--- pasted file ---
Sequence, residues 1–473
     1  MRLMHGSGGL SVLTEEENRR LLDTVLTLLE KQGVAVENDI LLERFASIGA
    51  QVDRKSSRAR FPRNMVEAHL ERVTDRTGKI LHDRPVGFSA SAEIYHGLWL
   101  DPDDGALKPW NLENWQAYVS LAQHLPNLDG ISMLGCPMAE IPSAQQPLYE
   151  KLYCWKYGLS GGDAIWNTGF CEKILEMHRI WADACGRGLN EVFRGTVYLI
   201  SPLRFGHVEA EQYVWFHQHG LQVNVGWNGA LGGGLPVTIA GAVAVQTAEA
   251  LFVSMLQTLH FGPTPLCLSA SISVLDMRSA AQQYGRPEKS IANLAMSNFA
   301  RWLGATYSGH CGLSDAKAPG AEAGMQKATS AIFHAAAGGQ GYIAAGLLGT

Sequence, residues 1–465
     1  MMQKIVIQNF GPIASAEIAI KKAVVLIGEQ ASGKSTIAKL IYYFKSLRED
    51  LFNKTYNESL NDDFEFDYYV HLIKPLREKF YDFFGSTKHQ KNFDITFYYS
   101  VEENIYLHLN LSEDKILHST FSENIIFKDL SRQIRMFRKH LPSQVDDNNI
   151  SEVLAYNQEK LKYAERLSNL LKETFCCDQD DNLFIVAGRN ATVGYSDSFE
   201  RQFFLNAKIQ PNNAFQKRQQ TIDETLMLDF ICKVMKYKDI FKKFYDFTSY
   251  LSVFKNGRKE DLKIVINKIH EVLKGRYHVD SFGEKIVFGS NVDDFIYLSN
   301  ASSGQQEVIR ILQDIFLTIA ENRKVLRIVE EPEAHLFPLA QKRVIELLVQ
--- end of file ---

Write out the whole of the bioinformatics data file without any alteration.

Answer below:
Sequence, residues 1–473
     1  MRLMHGSGGL SVLTEEENRR LLDTVLTLLE KQGVAVENDI LLERFASIGA
    51  QVDRKSSRAR FPRNMVEAHL ERVTDRTGKI LHDRPVGFSA SAEIYHGLWL
   101  DPDDGALKPW NLENWQAYVS LAQHLPNLDG ISMLGCPMAE IPSAQQPLYE
   151  KLYCWKYGLS GGDAIWNTGF CEKILEMHRI WADACGRGLN EVFRGTVYLI
   201  SPLRFGHVEA EQYVWFHQHG LQVNVGWNGA LGGGLPVTIA GAVAVQTAEA
   251  LFVSMLQTLH FGPTPLCLSA SISVLDMRSA AQQYGRPEKS IANLAMSNFA
   301  RWLGATYSGH CGLSDAKAPG AEAGMQKATS AIFHAAAGGQ GYIAAGLLGT

Sequence, residues 1–465
     1  MMQKIVIQNF GPIASAEIAI KKAVVLIGEQ ASGKSTIAKL IYYFKSLRED
    51  LFNKTYNESL NDDFEFDYYV HLIKPLREKF YDFFGSTKHQ KNFDITFYYS
   101  VEENIYLHLN LSEDKILHST FSENIIFKDL SRQIRMFRKH LPSQVDDNNI
   151  SEVLAYNQEK LKYAERLSNL LKETFCCDQD DNLFIVAGRN ATVGYSDSFE
   201  RQFFLNAKIQ PNNAFQKRQQ TIDETLMLDF ICKVMKYKDI FKKFYDFTSY
   251  LSVFKNGRKE DLKIVINKIH EVLKGRYHVD SFGEKIVFGS NVDDFIYLSN
   301  ASSGQQEVIR ILQDIFLTIA ENRKVLRIVE EPEAHLFPLA QKRVIELLVQ